Indianz.Com > News > National Congress of American Indians loses another high-ranking staffer
Yvette Roubideaux
Yvette Roubideaux has served as director of the National Congress of American Indians Policy Research Center (PRC) since April 2017. Photo by Kevin Abourezk
National Congress of American Indians loses another high-ranking staffer
Monday, July 11, 2022

The National Congress of American Indians is bidding farewell to one of its highest-ranking employees this week.

Yvette Roubideaux, a citizen of the Rosebud Sioux Tribe, is due to step down as director of NCAI’s Policy Research Center (PRC) on Friday. She has served in the leadership role since 2017, one in which she oversaw a small staff that focuses on the ways in which tribal, federal and state policy affect Indian Country.

Roubideaux’s departure has long been in the works, owing primarily to family obligations. An NCAI spokesperson confirmed that she is leaving to take care of her elderly mother, as indicated in a resignation letter she previously submitted to the largest inter-tribal advocacy organization in the United States.

Quoting from the resignation letter, the NCAI spokesperson told Indianz.Com that Roubideaux, who previously served as director of the Indian Health Service, is “leaving to ‘focus and take care of her 91-year old mother.'”

Roubideaux’s exit comes as NCAI continues to operate without the presence of its highest-ranking employee. Just a month ago, the organization announced that Chief Executive Officer Dante Desiderio had been placed on administrative leave ahead of its first in-person conference in more than two years, as Indianz.Com reported on June 10.

The NCAI spokesperson confirmed that Desiderio remains on leave, though no public explanation has been provided for his absence. He was hired only a year ago.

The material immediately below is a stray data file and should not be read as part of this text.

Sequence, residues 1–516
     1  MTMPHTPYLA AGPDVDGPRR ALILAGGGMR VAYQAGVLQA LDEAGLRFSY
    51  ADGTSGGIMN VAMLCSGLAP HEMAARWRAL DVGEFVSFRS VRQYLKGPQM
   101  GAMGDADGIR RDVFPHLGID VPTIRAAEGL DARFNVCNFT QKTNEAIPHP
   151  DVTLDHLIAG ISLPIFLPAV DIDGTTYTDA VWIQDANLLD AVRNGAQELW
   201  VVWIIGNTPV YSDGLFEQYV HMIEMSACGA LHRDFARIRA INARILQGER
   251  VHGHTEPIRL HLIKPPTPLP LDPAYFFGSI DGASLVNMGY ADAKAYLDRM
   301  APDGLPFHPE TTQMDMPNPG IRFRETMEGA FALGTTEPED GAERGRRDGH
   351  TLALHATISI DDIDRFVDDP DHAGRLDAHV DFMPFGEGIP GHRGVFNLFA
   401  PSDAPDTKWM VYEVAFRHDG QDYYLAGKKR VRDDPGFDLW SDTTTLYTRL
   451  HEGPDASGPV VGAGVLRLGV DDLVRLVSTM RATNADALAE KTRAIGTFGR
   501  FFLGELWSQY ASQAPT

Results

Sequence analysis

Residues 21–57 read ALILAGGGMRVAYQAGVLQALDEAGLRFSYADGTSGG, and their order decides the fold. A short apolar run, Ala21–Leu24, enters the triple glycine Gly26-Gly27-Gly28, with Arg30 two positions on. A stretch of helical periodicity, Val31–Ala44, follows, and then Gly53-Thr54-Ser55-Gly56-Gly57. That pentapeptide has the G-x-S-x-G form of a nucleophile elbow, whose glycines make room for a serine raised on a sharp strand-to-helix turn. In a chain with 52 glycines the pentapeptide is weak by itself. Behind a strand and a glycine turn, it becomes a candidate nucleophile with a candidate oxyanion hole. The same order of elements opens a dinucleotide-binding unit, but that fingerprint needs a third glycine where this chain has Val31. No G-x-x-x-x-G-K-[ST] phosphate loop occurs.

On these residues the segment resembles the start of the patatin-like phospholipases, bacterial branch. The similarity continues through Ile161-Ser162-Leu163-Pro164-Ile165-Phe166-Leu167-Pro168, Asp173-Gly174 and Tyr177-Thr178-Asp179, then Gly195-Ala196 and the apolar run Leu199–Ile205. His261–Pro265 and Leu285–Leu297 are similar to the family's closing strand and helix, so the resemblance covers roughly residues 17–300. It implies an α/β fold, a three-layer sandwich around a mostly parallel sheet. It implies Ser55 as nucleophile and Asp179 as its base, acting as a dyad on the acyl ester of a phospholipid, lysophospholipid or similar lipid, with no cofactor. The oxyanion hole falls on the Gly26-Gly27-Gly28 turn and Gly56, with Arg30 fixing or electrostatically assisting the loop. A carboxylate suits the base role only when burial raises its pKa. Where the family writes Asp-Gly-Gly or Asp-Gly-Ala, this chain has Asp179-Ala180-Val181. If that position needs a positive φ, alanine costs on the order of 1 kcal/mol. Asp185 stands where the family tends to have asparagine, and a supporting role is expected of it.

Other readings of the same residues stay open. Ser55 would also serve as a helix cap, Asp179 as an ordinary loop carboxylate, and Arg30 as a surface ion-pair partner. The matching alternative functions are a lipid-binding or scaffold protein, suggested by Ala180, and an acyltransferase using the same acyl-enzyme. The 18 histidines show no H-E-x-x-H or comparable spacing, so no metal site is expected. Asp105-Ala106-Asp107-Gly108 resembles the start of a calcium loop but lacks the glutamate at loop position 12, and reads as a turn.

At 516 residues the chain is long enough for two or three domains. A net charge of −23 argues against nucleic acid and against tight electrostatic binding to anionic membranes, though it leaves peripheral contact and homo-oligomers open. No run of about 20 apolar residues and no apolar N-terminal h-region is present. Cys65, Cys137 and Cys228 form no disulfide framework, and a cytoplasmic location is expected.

At the time of the development, Roubideaux was named to an “internal” leadership team was placed in charge of the organization in absence of the CEO. At the time, though, NCAI already knew the PRC director was going to be stepping down, according to a former employee.

The former NCAI employee told Indianz.Com that Roubideaux submitted her resignation letter after her only two remaining staff members — both Native women — recently quit the organization. The staff page for the PRC currently lists just one employee.

The two Native women’s names have since been removed from the main NCAI staff page — though not until after they had long left the organization, according to the same former employee.

National Congress of American Indians Policy Research Center
The staff page for the National Congress of American Indians Policy Research Center (PRC) currently lists just one employee — Yvette Roubideaux. Two staff members she previously oversaw as director of the PRC recently left the organization. Screenshot taken June 11, 2022.

The delay in keeping the staff page updated speaks to an issue that some tribal leaders have raised in their complaints about Desiderio. Since he came on board in June 2021, some 19 employees have left — meaning that half of the employee base at NCAI has seen turnover in the past year.

In stories published on June 10 and on June 13, Indianz.Com reported that at least 15 employees had left the organization. The figure was based on reviews of changes made to NCAI’s staff page since Desiderio was hired.